“Mexico 2011″: new species and … tacos!

19 December 2011

The expedition “Mexico 2011” of the naturalists of the World Biodiversity Association in a research trip of 3000 km across the States of  Puebla, Veracruz, Tabasco, Chiapas, Oaxaca and Estado de Mexico, December 16, 2011 finished.
The aim of the expedition was to collect specimens of grasshoppers, locusts and crickets in different environments for DNA molecular analysis to clear the origin of some genera and provide a preliminary phylogeny of the mexican Orthoptera, verifying some evolutionary factors.
The expedition was supported by WBA and the University of Central Florida (Orlando) and involved two naturalists of WBA, Paolo Fontana (Edmund Mach Fundation) and Paola Tirello (University of Padova) and two scholars of the University of Central Florida: Ricardo Marino-Perez and Derek Woller, coordinated by prof. Hojun Song.
In the course of investigations more than 2000 specimes of orthoptera were collected, belonging to about 100 different species, from the sea level to 2700 m altitude, in arid and semiarid environments, and in the most tangled rainforests. The very high day temperatures were followed by cool or cold evenings and nights. The success of the expedition was significant, both for the quantity of material collected and for the great variety of species and families, representative of almost all the mexican orthopteran fauna.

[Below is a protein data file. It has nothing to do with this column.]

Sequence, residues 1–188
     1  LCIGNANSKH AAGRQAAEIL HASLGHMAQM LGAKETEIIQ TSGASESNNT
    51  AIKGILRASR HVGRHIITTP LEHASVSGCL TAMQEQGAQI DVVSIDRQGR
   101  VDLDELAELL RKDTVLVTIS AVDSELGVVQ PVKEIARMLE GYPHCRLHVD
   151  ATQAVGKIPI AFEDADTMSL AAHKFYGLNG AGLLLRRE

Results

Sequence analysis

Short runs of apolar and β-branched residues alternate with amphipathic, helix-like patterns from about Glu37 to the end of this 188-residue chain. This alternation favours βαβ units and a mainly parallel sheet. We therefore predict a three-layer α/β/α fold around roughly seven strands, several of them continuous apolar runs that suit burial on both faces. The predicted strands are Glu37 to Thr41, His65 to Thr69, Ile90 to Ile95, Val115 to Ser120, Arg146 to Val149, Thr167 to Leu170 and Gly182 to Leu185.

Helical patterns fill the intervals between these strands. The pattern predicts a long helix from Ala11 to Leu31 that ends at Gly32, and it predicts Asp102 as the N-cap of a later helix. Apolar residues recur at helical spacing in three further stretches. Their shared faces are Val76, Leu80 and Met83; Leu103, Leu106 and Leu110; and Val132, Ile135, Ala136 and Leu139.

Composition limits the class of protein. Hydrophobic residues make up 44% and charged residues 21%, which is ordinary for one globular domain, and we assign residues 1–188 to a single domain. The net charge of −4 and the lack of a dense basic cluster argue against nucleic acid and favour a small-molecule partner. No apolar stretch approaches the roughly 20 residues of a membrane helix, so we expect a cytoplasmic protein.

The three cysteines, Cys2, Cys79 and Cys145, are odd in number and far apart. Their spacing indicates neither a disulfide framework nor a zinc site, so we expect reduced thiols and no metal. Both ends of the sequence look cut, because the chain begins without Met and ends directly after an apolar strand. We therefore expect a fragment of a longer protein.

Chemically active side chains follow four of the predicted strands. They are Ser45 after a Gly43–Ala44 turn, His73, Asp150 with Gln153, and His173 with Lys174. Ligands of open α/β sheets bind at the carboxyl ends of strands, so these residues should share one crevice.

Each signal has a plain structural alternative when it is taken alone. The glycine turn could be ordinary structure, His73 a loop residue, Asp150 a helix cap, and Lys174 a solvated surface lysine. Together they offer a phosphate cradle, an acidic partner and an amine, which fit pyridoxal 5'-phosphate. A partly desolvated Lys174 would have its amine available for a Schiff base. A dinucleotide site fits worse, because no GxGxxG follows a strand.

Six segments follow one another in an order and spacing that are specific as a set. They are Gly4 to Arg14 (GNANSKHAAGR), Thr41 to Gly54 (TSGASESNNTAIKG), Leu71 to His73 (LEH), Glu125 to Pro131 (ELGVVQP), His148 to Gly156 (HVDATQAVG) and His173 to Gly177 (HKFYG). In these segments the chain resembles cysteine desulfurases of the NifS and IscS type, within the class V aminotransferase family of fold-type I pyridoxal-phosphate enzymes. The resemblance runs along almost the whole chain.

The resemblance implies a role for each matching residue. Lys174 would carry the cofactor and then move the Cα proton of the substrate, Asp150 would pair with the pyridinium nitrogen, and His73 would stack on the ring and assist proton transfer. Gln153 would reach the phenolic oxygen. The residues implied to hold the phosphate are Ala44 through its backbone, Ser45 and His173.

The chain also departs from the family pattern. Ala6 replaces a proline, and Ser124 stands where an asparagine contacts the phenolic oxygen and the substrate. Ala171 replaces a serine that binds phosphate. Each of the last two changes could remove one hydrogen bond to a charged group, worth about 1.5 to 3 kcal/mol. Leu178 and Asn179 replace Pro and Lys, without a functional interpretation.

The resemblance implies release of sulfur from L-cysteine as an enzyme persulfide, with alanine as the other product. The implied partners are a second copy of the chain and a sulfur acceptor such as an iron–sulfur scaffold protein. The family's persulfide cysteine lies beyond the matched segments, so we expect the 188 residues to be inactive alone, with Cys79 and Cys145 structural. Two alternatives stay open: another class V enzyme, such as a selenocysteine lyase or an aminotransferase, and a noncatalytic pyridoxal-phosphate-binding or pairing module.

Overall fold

Among the most prestigious results of “Mexico 2011” we must highlight the discovery of three new species for science (probably belonging to two new genera); as soon as possible they will be studied and described both from a morphological and molecular point of view.
Among these species, a large and coloured grasshopper collected 2300 m altitude in the State of Oaxaca, esclusively on a species of Labiatae, probably a Salvia with fire red flowers. The great showiness of this species could be related to its potential toxicity to predators, due to the forced alimentation based on the sole, very aromatic, host plant. Some specimens of the host plant were also collected.
During “Mexico 2011” some famous archaeological sites were visited; in these sites many interesting species were collected too.  The researchers also visited lost and isolated villages, establishing intense relationships with the local population.
Moreover, during the expedition, naturalists appreciated the culinary aspects of grasshoppers, particularly of the typical dish of the State of Oaxaca, the Chapulines (grasshoppers), with which they stuffed some rich mexican tacos!